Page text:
Specific sectors such as hospitality and education require careful consideration for the lighting scheme. There are other building compliance laws that such spaces need to adhere to, such as emergency lighting. “Lighting should be considered as part of the interior architecture, so aesthetics play a key part and they should fit the overall design concept,” says Gregory, adding that most importantly, flexibility for the primary usage of space needs to be offered. “Within a hotel, for example, an adjustable colour temperature fixture could provide cool lighting during breakfast, while in the evening, a warmer light temperature can create a more relaxed atmosphere. Control of the light fixtures also offer the ability to zone out areas when they are not in use.”
The high-tech Dali system has been used in the Casamia showroom
Berry says that in terms of technology and its potential value added benefits, we are starting to look at the options available, from people tracking to real time feedback, to use the lamp beyond just a light source, such as li-fi or beacons. “These technologies are in their infancy, but the potential is there,” he notes.
Retail sector is noticing an increased spending on lighting architecture. “Thanks to the beacon technology, a store manager can now get to know which are the most visited shelves and have at disposal plenty of relevant data to analyse trends and shopping habits,” says Padula, adding that these data findings can then be used to maximise the shopping experience for the visitors.
A diverse range of lighting products and optics were used in the Casamia showroom for a varied effect throughout the space.
This advanced feature also offers space management function, which manages any kind of space by registering the density of human traffic throughout the day and analysing the data collected in order to optimise its use. Padula explains the function: “The wireless communication services offered use both bluetooth (BLE) technology, via beacons built into the LV track, and li-fi optic technology. So, customers with mobile devices featuring bluetooth technology or cameras can receive, via the respective app, various types of notifications including offers, information or other multimedia material.”
In learning centres, classrooms need good quality of light with low optical flicker and a control system that offers the ability to be used with the latest forms of audio-visual equipment and IT devices.
Sergio Padula, iGuzzini
Focus on health and wellbeing
Fryzelka of Preciosa says that the Czech brand believes in connecting people with light. “We do this by creating interactive lighting installations that bring people together with one another, not with technology,” he says. “Our most recent example of this is Breath of Light, an installation made from a series of opal crystal bubbles (1,200 in all) that dissolve into crystal frosted, crystal clear and bubbled crystal spheres. These bubbles create an intriguing path of light as visitors blow into four special sensors hanging on the corners of the exhibition. Real time sound effects add to the interactive characteristic of the installation.”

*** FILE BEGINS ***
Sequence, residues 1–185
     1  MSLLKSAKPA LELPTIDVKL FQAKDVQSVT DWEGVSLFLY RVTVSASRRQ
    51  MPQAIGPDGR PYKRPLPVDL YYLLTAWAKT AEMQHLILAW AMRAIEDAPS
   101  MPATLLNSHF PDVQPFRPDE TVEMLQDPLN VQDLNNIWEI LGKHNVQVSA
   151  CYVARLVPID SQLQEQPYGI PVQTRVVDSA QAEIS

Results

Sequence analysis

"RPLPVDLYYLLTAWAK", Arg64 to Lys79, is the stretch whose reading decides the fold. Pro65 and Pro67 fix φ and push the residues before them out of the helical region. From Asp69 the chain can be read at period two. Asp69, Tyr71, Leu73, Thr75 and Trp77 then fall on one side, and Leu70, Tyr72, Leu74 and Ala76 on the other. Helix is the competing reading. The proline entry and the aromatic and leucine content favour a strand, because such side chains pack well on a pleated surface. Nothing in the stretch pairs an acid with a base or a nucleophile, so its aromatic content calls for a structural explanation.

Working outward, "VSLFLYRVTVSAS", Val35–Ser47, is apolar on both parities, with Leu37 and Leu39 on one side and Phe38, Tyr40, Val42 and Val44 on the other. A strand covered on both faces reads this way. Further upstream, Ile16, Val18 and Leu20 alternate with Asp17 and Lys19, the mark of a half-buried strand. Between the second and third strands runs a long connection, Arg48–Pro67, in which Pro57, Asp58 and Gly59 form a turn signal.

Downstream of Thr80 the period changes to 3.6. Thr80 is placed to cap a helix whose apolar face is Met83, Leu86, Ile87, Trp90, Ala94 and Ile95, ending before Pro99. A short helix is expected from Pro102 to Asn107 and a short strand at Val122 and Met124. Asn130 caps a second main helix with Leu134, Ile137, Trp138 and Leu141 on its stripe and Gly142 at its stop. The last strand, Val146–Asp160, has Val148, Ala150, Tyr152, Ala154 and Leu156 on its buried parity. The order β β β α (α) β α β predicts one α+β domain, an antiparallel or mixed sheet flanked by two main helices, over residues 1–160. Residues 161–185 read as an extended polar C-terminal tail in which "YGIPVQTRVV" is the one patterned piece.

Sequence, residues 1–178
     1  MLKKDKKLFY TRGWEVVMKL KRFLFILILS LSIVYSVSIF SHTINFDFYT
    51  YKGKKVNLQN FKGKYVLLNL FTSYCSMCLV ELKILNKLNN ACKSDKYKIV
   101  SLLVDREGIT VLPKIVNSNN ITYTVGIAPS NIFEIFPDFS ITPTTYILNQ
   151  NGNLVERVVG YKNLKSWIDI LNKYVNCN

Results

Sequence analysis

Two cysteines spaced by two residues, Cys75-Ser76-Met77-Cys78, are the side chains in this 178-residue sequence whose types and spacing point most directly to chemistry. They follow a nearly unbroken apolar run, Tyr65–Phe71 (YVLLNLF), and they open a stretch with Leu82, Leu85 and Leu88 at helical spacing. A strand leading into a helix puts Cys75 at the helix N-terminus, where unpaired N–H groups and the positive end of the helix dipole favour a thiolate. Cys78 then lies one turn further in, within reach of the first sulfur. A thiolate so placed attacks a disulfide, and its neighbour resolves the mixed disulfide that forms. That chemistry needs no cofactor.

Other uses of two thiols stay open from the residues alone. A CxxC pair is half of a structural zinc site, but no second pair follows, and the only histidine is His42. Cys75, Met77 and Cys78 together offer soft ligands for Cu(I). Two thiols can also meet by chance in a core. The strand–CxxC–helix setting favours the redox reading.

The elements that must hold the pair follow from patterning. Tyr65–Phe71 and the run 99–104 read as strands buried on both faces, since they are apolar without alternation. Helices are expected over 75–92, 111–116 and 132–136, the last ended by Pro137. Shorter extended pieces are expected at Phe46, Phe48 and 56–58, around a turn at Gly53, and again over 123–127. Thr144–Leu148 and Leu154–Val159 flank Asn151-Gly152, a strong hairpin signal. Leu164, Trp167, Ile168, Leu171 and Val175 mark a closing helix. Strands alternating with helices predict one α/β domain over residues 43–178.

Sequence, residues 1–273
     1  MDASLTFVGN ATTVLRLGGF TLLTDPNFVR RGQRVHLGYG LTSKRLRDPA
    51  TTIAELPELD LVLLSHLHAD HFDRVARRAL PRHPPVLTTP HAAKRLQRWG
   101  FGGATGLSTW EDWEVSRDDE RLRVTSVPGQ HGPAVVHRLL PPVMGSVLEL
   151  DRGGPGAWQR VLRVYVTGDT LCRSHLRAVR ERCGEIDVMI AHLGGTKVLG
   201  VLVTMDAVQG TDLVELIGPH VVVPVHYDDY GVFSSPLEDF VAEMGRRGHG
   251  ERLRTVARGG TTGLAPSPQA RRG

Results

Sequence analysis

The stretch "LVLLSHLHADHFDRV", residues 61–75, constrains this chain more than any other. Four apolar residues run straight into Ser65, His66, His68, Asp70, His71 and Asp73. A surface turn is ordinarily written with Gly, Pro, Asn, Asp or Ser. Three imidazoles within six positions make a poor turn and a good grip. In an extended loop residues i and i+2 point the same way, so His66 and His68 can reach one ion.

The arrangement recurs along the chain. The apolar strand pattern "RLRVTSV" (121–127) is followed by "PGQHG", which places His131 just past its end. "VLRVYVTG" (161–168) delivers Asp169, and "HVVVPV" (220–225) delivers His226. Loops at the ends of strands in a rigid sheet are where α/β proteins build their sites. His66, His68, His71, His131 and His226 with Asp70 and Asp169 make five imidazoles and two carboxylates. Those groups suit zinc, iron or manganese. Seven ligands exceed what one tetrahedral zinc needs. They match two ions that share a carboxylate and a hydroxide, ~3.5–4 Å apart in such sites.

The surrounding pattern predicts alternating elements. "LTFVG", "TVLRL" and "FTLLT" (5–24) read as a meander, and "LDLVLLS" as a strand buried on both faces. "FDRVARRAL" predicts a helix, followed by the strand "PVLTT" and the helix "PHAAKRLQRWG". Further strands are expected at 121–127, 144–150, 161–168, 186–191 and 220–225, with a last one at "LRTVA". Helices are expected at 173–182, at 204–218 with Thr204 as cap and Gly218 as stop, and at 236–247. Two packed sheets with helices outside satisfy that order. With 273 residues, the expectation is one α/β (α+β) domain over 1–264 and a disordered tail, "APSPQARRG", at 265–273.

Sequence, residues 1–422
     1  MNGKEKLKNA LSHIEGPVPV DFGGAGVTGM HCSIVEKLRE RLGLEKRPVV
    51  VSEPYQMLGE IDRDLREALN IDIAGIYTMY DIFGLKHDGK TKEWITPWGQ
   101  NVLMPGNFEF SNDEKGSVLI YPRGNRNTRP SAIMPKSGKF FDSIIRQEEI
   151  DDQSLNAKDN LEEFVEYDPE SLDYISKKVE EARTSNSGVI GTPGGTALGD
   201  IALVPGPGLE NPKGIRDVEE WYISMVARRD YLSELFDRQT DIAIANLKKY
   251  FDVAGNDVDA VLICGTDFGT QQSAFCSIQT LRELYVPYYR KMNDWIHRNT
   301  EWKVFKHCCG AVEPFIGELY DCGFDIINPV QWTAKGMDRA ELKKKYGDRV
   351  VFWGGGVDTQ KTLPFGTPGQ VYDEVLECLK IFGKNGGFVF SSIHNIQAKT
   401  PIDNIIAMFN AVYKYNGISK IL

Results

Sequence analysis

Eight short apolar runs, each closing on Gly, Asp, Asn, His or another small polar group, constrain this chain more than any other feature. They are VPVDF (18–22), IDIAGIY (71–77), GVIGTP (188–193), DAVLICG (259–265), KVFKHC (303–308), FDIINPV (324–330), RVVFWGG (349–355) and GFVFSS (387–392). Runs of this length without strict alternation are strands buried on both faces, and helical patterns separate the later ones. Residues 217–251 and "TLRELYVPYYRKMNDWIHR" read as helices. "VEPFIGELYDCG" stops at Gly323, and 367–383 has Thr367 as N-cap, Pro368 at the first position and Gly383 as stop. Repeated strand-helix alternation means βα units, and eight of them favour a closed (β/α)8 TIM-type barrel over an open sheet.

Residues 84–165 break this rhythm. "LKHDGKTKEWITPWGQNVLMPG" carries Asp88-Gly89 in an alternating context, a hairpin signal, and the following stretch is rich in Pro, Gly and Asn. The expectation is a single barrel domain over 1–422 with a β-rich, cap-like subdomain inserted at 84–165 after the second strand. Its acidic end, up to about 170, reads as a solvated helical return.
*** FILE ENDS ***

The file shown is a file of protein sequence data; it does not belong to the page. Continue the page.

With better control over colour and intensity of lighting, people’s wellbeing is becoming the focal point in lighting design, especially in workspaces. Gregory explains that human-centric lighting isn’t just the ability to adjust the colour temperature of light according to the time of day (circadian emulation), but it has a much deeper effect. He comments: “Recent discoveries on how light is perceived by the brain includes further studies on non-imaging cells within the retina. These cells play a major role in synchronising the human body’s circadian rhythm to the 24-hour sleep-wake cycle and contribute to the regulation and release of the hormone melatonin.
Simon Berry, Illuminate
Blue light (400–490 nm), which can be beneficial during daylight hours boosting our attention and productivity, is disruptive at night by supressing the release of melatonin. In commercial environments, it’s important to understand the light fixtures Equivalent Melanopic Lux (EML) measurement and the ability to control this level based on the time of day. The WELL Building Standard from the US, which is gaining momentum globally, includes guidance within its lighting section for circadian lighting design.”
At iGuzzini, the firm had launched a research project back in 1988 based on the first photobiology studies, which was first published in the 1980s in the US. It demonstrated that particular use of light makes it possible to stimulate our system and above all, synchronise “biological time” with “social time”. “Since then, we have developed 10 years of biodynamic light research into systems that can be implemented in every situation, from workplaces to retail shops, museums and residential areas, as well as on an urban scale.”
The miniaturisation and digitisation of lighting has opened many avenue s for manufacturers and designers alike. The control for features such as colour tuning and intensity control can be used for improved productivity.
“This has been attempted by manufacturers in the past, but it required big fixtures and controls,” says Berry. “So, the only place you saw these in use were where they had 24-hour control centres. This as an area where A.I. will play a part by naturally responding without any control of interface or user input.”